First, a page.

Rahmat, Siti Rahyla: Global Value Chains and the Role of Innovation for Sustainable Palm Oil: An International Bioeconomy Analysis for Malaysia. - Bonn, 2016. - Dissertation, Rheinische Friedrich-Wilhelms-Universität Bonn.
Online-Ausgabe in bonndoc: https://nbn-resolving.org/urn:nbn:de:hbz:5n-42456
urn: https://nbn-resolving.org/urn:nbn:de:hbz:5n-42456,
author = {{Siti Rahyla Rahmat}},
title = {Global Value Chains and the Role of Innovation for Sustainable Palm Oil: An International Bioeconomy Analysis for Malaysia},
school = {Rheinische Friedrich-Wilhelms-Universität Bonn},
year = 2016,
month = jan,

note = {Palm oil constitutes approximately one-third of the 130 million tonnes of major vegetable oils and fats consumed annually worldwide. The use of bio-based materials in palm oil production and the potential to achieve a zero-waste production process motivated this study of the potential of the Malaysian palm oil industry participating in sustainable bioeconomy. Thus, assessment of policies on chain upgrading and bioeconomy programme is discussed in this study. In order to assess the productivity and the efficiency of oil palm plantations, field research was conducted in two regions in Malaysia: Johor in Peninsular Malaysia as an example of a long-term production area and Sabah in Borneo, a newly established oil producing site.
A gross margin analysis was also conducted within a global value chain framework. The growers were disaggregated into three groups according to scale (smallholders, medium-sized growers, and large estates). In Johor, smallholders earned lower gross margins than large scale growers as a result of the long-term impacts of this industry. However, in Sabah, where the palm oil industry is a relatively recent development, there was an inverse relationship between farm size and income.
Thus, a cost benefit analysis (CBA) was applied to evaluate the opportunity and the external costs of producing palm oil. The CBA also considers environmental factors, such as land-use changes, carbon emissions from fertilisers, pesticides, transportation for oil palm fruits, and methane and carbon emissions from extraction mills (which have frequently drawn concerns from critics of palm oil). A 25-year period (the length of a commercial cycle of the palm oil industry) and real interest rate scenarios (1–8 %) were adopted for the analysis. Based on the findings, the most productive plantations under the Federal Land Development Authority (FELDA) scheme, which has been a key institutional actor in the development of the Malaysian palm oil industry, earned a Net Present Value of RM84,980 (US$26,776) per hectare, earning more than the less productive plantations under the same scheme (approximately 293% higher) in 2010. Moreover, the external costs of converting forests to oil palm plantations were higher than that of repurposing existing rubber or cocoa plantations for oil palm plantation (which also stores less carbon). Comparing the two study regions, it was found that the small- and large-scale growers in Johor (the pioneer region of the industry) performed better than their Sabahan counterparts (where the palm oil industry is a more recent development) in terms of net present value (NPV) per hectare. However, this was not the case for medium-sized growers. In addition, the mills in Johor also performed better than those in Sabah in terms of NPV per tonne.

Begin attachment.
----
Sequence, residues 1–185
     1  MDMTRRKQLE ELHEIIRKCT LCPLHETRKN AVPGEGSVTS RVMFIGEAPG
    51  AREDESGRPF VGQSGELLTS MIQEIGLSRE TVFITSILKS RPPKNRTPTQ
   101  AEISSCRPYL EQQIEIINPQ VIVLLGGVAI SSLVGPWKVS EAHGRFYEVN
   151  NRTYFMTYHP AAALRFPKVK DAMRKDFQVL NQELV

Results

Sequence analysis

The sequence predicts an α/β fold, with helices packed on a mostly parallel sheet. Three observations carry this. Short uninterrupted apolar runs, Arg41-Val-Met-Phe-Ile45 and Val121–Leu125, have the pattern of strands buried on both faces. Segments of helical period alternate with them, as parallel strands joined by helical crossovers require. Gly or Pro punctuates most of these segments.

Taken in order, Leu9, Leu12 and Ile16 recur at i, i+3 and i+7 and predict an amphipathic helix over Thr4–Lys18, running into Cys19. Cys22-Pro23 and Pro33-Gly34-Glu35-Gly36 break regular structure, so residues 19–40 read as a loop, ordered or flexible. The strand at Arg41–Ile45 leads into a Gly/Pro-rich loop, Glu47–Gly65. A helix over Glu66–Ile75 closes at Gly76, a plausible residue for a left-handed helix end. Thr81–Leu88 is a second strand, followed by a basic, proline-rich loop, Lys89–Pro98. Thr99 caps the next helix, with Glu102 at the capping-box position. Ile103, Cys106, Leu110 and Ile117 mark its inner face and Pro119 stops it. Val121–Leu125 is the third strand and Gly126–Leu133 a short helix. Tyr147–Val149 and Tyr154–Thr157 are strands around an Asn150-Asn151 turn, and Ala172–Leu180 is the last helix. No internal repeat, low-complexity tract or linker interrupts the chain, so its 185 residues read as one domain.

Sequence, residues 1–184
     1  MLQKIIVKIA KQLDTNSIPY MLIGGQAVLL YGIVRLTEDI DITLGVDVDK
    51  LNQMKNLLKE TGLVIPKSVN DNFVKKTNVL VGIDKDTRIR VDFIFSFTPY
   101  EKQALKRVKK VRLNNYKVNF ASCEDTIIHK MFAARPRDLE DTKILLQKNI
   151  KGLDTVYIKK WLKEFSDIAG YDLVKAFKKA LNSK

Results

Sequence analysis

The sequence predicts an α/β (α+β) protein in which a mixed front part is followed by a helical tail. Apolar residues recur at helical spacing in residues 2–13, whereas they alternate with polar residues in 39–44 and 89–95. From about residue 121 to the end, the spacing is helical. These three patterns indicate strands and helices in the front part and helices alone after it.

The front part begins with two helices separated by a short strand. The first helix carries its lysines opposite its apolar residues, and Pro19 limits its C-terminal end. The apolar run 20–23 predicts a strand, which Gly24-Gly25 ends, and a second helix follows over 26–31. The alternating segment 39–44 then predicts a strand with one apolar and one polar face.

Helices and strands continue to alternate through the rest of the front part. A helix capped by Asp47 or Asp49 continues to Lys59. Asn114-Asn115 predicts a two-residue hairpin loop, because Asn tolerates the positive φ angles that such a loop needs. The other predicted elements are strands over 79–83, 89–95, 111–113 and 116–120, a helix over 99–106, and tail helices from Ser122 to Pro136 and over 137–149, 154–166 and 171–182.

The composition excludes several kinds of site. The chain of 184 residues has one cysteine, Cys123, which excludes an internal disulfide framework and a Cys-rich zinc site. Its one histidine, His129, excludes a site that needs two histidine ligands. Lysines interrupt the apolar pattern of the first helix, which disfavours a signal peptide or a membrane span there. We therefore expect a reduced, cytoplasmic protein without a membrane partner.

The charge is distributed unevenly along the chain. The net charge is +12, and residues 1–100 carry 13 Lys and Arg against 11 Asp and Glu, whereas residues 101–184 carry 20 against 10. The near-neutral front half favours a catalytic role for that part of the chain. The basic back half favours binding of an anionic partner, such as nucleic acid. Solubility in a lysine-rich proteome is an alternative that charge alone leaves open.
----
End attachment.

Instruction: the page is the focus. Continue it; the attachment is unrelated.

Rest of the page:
To examine policy options that could be adopted to turn the Malaysian palm oil industry into a bioeconomy, two biofuel policies adopted by industrialised countries were reviewed, namely German rapeseed biodiesel and US corn ethanol policy. These international policies could serve as examples for the Malaysian government to improve their policy strategies for the Malaysian palm oil biofuel industry. The mixed experiences of the Malaysian policies for accelerating the development of the palm oil industry can be important lessons for other palm oil producing countries.},

url = {https://hdl.handle.net/20.500.11811/6593}

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